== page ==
• Earth Hounds primarily hunt below the ground. They use sound and vibrations to hunt for their prey.

When I am home for the day, my dachshunds follow me around the house. They are my little shadows and I trip over them constantly. If I am putting the dirty dishes in the dishwasher, my pup Eko is there to help with the “pre-rinse”… that is his favorite job. When I am cleaning up around the house or cooking dinner, the pups follow me.

If I have sitting down watching a movie or playing with my phone, my dogs are relaxing. They are either on my lap, at my feet, or in their doggie blankies taking their naps. They aren’t on guard when I’m not moving around. They are on the job when I am on the go.

Dachshund’s Age:

The amount of sleep your Dachshund needs can depend on his age. Sleep needs change throughout your Dachshund’s life. Just like people, Dachshund puppies and Senior Dogs require more sleep than an Adolescent or Adult Dachshunds.

Four Stages of a Dog’s Life:

  1. Puppy: Begins at birth and ends between six and 18 months old.
  2. Adolescence: Between six to 18 months after birth.
  3. Adult: Adulthood begins between 12 months to three years old.
  4. Senior: The senior years begin between six and 10 years old.

Dachshund Puppies

Little puppies are constantly growing at a rapid rate. Puppies need LOTS of sleep for proper body growth and strong brain development.

How much sleep does a puppy need?

It is normal for your dachshund puppy to sleep up to 20 hours a day! Wow, that is a lot of sleep.

Is it possible for a puppy to sleep too much?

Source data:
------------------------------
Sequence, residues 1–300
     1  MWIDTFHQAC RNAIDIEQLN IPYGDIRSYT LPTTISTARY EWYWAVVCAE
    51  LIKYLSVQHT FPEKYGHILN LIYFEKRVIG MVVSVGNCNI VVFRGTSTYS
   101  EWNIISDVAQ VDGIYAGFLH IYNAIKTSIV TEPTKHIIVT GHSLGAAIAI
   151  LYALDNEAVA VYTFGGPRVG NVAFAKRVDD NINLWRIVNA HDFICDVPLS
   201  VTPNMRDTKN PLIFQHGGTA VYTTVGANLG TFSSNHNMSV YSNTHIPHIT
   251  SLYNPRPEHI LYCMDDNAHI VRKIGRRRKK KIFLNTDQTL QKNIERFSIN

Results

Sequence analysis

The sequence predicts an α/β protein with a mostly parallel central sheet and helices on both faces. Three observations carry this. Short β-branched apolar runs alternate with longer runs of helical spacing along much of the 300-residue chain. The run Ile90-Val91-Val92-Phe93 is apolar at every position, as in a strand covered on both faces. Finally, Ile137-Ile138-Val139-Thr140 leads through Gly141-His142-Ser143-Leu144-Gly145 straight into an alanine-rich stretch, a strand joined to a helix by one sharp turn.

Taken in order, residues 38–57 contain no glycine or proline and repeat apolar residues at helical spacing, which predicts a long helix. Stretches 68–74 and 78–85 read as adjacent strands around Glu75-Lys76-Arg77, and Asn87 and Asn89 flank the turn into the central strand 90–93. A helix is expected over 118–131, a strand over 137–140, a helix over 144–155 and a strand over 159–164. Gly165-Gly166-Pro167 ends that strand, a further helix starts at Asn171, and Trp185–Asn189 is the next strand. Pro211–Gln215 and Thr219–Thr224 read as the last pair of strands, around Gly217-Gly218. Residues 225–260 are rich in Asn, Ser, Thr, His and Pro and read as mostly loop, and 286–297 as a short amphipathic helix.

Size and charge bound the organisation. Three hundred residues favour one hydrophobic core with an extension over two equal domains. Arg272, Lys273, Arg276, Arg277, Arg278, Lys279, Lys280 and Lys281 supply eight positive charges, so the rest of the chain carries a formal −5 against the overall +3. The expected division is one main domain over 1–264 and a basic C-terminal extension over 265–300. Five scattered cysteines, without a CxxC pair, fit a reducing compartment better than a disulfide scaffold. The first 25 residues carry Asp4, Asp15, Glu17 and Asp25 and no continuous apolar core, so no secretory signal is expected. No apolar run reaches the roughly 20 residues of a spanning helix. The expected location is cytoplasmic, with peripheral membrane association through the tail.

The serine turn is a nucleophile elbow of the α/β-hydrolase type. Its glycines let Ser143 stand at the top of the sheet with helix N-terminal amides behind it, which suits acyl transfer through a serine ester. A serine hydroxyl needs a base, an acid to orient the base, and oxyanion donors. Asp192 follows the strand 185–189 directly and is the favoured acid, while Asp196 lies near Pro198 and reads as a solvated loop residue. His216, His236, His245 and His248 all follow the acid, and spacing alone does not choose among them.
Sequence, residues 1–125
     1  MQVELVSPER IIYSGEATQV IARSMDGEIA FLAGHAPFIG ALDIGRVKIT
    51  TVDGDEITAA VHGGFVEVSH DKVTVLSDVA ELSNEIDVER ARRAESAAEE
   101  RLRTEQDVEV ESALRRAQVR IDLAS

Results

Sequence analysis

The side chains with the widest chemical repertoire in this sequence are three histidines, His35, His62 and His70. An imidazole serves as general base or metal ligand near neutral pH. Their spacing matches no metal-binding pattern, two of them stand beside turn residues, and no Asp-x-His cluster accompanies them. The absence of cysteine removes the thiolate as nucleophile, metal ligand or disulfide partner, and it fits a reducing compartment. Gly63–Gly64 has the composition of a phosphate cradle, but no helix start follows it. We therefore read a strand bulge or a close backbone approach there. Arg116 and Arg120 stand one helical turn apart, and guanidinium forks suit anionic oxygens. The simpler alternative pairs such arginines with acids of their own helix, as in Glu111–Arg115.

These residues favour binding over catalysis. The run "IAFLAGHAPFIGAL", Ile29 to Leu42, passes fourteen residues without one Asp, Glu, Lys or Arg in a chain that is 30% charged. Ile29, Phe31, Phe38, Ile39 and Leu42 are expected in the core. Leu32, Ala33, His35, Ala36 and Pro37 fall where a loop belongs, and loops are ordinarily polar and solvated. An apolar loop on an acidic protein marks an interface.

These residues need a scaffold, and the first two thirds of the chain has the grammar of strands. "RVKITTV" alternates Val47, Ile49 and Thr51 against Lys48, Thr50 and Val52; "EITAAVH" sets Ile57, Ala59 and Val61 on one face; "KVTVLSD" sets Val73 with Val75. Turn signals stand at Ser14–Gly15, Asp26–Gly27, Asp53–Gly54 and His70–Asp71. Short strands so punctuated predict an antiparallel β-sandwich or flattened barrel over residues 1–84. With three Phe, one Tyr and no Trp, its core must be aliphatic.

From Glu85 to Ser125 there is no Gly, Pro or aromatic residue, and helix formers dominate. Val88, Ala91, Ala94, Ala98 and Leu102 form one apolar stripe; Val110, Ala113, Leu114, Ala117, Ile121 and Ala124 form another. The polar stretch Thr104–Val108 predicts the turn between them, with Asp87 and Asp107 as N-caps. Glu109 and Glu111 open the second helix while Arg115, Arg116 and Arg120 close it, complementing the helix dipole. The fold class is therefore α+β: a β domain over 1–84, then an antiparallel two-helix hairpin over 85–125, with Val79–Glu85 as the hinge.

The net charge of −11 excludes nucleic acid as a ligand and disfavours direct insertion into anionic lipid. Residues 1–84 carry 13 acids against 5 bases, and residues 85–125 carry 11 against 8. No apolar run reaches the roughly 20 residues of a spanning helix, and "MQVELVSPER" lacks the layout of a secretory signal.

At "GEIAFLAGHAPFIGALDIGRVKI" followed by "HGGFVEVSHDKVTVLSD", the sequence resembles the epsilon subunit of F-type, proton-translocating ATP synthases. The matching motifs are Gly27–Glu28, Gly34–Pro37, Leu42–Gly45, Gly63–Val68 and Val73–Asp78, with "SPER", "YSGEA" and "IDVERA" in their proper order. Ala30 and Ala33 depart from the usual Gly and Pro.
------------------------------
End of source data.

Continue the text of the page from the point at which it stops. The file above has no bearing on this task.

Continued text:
Not really… If your puppy plops himself on the floor, he is exhausted and needs to rest. Let him rest as much as possible. Puppies have a ton of energy when they are active. They play, run, bark, jump, eat, and explore. Their little growing bodies need lots of GOOD NAPS… but not just any naps will do.. 5-10 minutes is not a “good nap”.

Your pup relies on you to create a regular sleep schedule. He needs to know when it is time to rest during the day and when to sleep at bedtime. Check out our detailed puppy training guide to help you through this exciting time.

Create a daily schedule for napping, potty training, and eating. When I brought my new dachshund puppy, Eko, home. He and I worked together to find a daily routine so his needs were met and I was able to do my daily work and chores.

Nap Time: For Eko, daily nap times occurred around 10 am (late morning), after lunch and potty time, late afternoon, and after dinner.

My puppy slept all of the time. But, every little sound would wake him up. So, when it was nap time, I put him in his designated puppy playpen area with a soft blanket. I also turned on a fan for white noise. These ‘quite room factors’ helped him sleep a lot longer. He would nap 1-2 hours at a time if everything stayed quiet. Now, that’s a good nap! You can check out my puppy proofing post for the playpen I use and recommend.